CAI, UT Offer Executive Education in Bradley County
CLEVELAND, Tenn.—Executive education is now available in Cleveland, according to Lisa Pickel, executive director for Cleveland Associated Industries (CAI).
CAI is collaborating with the University of Tennessee, Knoxville, College of Business Administration to provide a Manufacturing Leadership Program in Bradley County. The program’s purpose is to accelerate the development process of becoming an effective and successful site leader and is designed to impact plant managers, manufacturing managers, directors of operations, directors of manufacturing and other managers being considered for site leadership positions.
“Seven consecutive, two-day sessions over an eight-month period will allow participants to apply concepts learned in the classroom directly to their manufacturing facility with the support of UT’s business faculty, and without their having to travel to Knoxville,” Pickel explained.
She continued, “Manufacturers in our region no longer function within the boundaries of our county, our state or even our country. They must know how to compete successfully in a global environment. To take our manufacturing facilities to the next level, site leaders need to develop solid leadership skills and the broadened functional business skills necessary to do so.”
Austin Cone, cost accounting manager with Mueller Company, is a core participant of the Manufacturing Leadership Program. Cone views the program “as an investment in both my company and career. Every session has been applicable to situations I have faced in the last 12 to 18 months. Being able to share and hear experiences within my peer group has had a powerful effect on me and helped to engrain the ideas being taught.”
The Manufacturing Leadership Program began in January at the Cleveland/Bradley Chamber of Commerce with 10 core participants who will be a part of the eight-month program. Each participant will build an individualized leadership development plan under the guidance of a dedicated leadership coach. The goal is to help them better understand themselves as leaders, the people they lead and the environments in which they lead.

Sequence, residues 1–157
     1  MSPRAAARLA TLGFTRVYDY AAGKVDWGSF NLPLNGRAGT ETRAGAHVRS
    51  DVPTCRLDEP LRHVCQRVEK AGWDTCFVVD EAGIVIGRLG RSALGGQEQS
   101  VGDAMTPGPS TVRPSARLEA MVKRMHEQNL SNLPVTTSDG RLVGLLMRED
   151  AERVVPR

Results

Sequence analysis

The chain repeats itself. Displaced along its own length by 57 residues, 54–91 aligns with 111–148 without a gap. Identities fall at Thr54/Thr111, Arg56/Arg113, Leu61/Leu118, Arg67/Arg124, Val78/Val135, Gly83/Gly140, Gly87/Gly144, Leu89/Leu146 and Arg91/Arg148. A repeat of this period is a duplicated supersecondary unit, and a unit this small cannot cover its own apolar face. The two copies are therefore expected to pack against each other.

“We have some amazing manufacturing facilities in Cleveland and Bradley County, and we must be proactive about preserving and advancing them by developing their leadership,” Pickel said.
The Manufacturing Leadership Program also allows individuals to choose from the sessions offered each month.
“The curriculum offers a variety of classes during each two-day session that any interested individual can select from a la carte,” Pickel said. “For instance, the January session included a class on Conflict Resolution and one on Management vs. Leadership that could have been selected without being one of the core participants registered for the entire series.”
The next session is slated for Feb. 27-28 followed by March 27-28. For more information about the individual classes, contact Lisa Pickel at 423-472-6587 or firstname.lastname@example.org. For details about UT’s graduate and executive education leadership programs, visit www.Leadership.utk.edu.
Cleveland Associated Industries, established in 1965, has a twofold purpose: (1) to serve the needs of its member companies and (2) to establish an organization through which industry may effectively utilize its collective resources and talents in a program of positive action for the betterment of the community.
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Last Update on March 02, 2015 18:30 GMT
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The Commerce Department says consumer spending fell 0.2 percent in January following a 0.3 percent drop in December. Economists had expected a dip, reflecting a big drop in gas prices during the month. That decline should prove to be a positive for the economy going forward, giving consumers more money to spend on other goods.
Income grew 0.3 percent in January as wages and salaries increased a strong $42.4 billion. Analysts expect that solid job gains and low unemployment will bolster consumer spending and lift economic growth this year to what they predict will be the fastest pace in a decade.
WASHINGTON (AP) -- U.S. factories expanded last month at the weakest pace in a year, with orders, hiring and production all growing more slowly.
The Institute for Supply Management, a trade group of purchasing managers, says its manufacturing index slipped to 52.9 in February from 53.5 in January. It was the fourth straight drop and the lowest reading since January 2014. Still, any reading above 50 signals expansion.